New snowboarders gain from pain

Posted: Thursday, March 07, 2002

David McMaster knows how hard it can be to start snowboarding.

"After my first lesson I spent about an hour and a half in the tub and slept about 12 hours," said the Eaglecrest Ski and Snowboard School instructor. "That first week can be a little painful."

But there's a quick gain after the pain, said McMaster and fellow snowboard instructor Dave Harju.

"The progression for snowboarding is much quicker than it is for skiing," Harju said. "Skiing is a lifetime achievement, while you become a competent snowboarder with two really good seasons under your belt."

McMaster and Harju are two of the instructors at Eaglecrest who teach lessons for beginning, intermediate and advanced snowboarders. Some, such as Harju, also teach downhill and telemark skiing.

Most young students at the city-owned ski area want to learn quickly, while older students often are crossing over from skiing.

"A lot of them just want to have a new experience," McMaster said.

Group lessons of up to about eight students begin on the nearly level area to the right of the Platter Pull lift known as "The Beach."

Harju said he starts out by determining whether students have backgrounds in skiing, surfing or skateboarding that could bring skills relevant to boarding. He also finds out whether students ride "regular" or "goofy."

"If you ride regular, you ride with the left foot in front. If you ride goofy, you ride with your right foot in front," he said.

Beginners start off easy, just getting a sense of the board and how it slides on the snow.

"We don't even let them put their back foot in the snowboard," McMaster said. "They just walk around in circles to see how awkward it is."

Straight runs on a gentle slope usually come next.

"What we are looking for there is a nice, functional, athletic, balanced stand," Harju said. "Ultimately you want the student to go down the hill as a pillar of calmness in the upper body."

Turns and stops come next. Once students can safely turn both ways - heelside and toeside - and stop - by turning or controlled falling - it's time for most to try the lift.

The Platter Pull, where the pulling mechanism is held between the user's legs, is designed for skiers. It can be particularly daunting for beginning boarders, who have to stick the pull's "basket" under their arm or shoulder, said Harju.

"It's by far a beginning snowboarder's nightmare," he said.

If boarders can't make it up, they're allowed to walk up the gently sloping hill.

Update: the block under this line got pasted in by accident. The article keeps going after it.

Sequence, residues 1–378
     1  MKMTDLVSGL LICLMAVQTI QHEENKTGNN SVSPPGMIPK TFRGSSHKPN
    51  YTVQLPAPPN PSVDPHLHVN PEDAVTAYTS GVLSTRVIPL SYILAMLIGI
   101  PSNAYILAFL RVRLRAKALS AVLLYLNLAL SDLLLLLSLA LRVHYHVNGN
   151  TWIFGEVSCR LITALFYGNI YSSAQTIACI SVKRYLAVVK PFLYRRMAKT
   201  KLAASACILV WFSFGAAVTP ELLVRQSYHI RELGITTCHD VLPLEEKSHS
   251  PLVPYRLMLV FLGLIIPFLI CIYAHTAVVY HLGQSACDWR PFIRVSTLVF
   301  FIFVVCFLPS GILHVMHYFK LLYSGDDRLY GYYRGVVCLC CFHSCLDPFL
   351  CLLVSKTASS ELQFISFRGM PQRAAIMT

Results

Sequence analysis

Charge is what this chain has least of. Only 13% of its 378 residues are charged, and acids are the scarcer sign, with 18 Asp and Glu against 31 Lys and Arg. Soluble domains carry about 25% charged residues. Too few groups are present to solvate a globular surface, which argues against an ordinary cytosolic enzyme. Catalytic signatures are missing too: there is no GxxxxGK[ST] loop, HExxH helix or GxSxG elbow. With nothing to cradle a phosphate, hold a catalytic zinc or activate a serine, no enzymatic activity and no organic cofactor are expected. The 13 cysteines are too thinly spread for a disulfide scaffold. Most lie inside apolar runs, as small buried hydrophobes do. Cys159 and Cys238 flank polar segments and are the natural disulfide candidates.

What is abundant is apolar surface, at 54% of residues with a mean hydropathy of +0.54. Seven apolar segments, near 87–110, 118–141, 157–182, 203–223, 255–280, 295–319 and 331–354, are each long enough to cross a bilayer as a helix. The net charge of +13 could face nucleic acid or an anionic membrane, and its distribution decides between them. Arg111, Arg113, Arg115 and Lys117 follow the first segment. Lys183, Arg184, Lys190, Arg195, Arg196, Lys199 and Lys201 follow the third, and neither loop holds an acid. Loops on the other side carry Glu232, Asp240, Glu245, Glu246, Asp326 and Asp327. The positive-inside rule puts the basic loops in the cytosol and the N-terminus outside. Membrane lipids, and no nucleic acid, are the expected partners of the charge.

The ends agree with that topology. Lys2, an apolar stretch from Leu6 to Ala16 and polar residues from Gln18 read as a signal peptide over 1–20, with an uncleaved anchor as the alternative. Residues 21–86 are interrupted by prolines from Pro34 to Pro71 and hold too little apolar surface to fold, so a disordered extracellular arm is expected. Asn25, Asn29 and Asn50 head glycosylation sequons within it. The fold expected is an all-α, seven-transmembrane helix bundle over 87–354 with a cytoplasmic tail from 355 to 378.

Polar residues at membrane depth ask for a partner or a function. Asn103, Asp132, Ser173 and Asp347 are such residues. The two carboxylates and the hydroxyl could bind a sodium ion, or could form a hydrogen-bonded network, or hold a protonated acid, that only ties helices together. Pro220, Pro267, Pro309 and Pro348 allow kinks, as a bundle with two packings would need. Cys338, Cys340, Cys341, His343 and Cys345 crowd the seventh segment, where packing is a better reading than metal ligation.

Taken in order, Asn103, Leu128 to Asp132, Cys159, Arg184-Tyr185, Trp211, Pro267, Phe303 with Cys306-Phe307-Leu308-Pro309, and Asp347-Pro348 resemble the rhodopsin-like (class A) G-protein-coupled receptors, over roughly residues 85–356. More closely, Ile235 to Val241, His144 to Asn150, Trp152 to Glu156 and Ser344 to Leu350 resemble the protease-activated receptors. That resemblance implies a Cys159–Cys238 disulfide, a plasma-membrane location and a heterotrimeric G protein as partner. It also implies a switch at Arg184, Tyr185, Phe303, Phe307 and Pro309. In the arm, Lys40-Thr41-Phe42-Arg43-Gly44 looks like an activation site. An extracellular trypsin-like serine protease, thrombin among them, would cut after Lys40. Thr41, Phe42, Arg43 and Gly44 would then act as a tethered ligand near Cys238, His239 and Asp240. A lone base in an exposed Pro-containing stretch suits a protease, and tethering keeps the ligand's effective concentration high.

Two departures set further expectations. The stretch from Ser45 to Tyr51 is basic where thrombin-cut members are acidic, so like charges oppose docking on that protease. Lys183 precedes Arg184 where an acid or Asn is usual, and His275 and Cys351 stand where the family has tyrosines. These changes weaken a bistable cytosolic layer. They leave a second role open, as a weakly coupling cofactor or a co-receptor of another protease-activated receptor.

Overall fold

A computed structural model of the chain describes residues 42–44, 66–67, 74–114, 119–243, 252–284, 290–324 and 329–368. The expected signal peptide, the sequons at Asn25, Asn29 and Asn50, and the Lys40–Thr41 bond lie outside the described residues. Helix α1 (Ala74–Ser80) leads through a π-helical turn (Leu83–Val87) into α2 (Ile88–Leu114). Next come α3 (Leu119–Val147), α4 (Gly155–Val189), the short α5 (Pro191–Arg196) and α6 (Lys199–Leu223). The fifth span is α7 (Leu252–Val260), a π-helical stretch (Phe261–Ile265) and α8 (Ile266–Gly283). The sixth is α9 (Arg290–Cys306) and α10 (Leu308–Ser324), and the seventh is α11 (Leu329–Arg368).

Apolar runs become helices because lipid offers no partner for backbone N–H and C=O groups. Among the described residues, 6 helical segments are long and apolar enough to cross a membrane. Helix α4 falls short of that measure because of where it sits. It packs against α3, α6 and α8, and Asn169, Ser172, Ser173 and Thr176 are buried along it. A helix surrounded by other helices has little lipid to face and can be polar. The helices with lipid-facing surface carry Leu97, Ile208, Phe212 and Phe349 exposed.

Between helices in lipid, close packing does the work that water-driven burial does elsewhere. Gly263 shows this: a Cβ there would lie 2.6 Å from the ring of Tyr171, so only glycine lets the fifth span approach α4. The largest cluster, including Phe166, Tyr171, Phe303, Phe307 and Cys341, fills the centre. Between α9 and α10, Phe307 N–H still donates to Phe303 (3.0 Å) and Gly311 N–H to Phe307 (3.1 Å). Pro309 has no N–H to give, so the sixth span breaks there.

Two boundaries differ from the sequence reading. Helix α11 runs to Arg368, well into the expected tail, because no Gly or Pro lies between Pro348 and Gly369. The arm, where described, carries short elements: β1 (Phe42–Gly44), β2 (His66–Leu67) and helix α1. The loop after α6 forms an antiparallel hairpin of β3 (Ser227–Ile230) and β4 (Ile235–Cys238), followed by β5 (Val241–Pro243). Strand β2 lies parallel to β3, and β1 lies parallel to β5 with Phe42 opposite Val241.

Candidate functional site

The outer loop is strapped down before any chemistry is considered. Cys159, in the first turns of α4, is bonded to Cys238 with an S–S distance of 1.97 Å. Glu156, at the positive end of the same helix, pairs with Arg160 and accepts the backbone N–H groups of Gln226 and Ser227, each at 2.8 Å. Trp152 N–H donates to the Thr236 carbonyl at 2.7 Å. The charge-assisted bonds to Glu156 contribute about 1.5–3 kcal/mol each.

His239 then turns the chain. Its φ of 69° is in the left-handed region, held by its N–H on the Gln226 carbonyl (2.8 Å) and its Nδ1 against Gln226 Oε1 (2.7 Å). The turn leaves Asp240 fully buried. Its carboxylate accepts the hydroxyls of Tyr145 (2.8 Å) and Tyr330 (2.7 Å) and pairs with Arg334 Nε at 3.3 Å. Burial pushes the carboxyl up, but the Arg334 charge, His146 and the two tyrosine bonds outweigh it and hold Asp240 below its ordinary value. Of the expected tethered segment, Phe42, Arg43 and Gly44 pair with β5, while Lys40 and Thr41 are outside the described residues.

Beginning snowboarders fall a lot, but that's just part of the learning process.

"There's a lot of what we call slams going on," McMaster said. "It's just about learning how to use your muscles properly."

A lot of beginners try to control their movements with upper body twists and arm motions, but that usually doesn't work.

"A lot of it has to do with the enormous use of toes and calf muscles," McMaster said.

If students don't get it right, he said, "Gravity's going to take over from there and you're going to fall down."

McMaster suggests students take a day or afternoon between lessons to try out what they've learned.

"After each lesson I say, 'Go get some mileage. Go practice this stuff.' "

Harju recommends three consecutive days of lessons and practice before moving from the Platter Pull "bunny" hill to steeper runs off the Hooter chair lift.

"When somebody is ready to go up Hooter is when somebody is able to go down both sides of Platter with toeside and heelside turns with good stance," he said. "It takes a body a long time to memorize and perfect these moves."

McMaster said the transition to Hooter is best done with help from an instructor. Once boarders have the basic skills down, they can take intermediate and advanced lessons.

"In upper-level lessons, there's less teaching and more coaching," Harju said. "As your riding progresses, you teach less and less and work on refining a few things."

Boarders can learn how to better handle bumps, powder and the new terrain park if they are interested.

"You don't have to be just this absolutely incredible rider to be on this terrain park," he said. "As the park becomes a little more developed, we definitely will cater our lesson content."

Some instructors can teach airborne spins, but flips are not allowed because they're so unsafe, Harju said.

Safety elements are a big part of boarding lessons. Students learn to control speed, fall safely, watch for traffic when sliding down the hill and find a clear spot when stopping to take a break or adjust equipment.

Eaglecrest's boarding instructors have seen their share of falls and grimaces. The reward comes when students get up and figure it out.

On Monday, for example, McMaster had an elementary school student who was so frustrated he just lay on the snow in tears, asking when lunch break would come.

"I just took him under my wing," said, 'Hey, let's try this,' " McMaster said. "As the two-hour lesson progressed, he just seemed to get happier. You could see the lights come on.

"At the end of the lesson, I said, 'It's lunch.' He said, 'No way, man. I'm going back up there.' "

Ed Schoenfeld can be reached at eschoenfeld@juneauempire.com.



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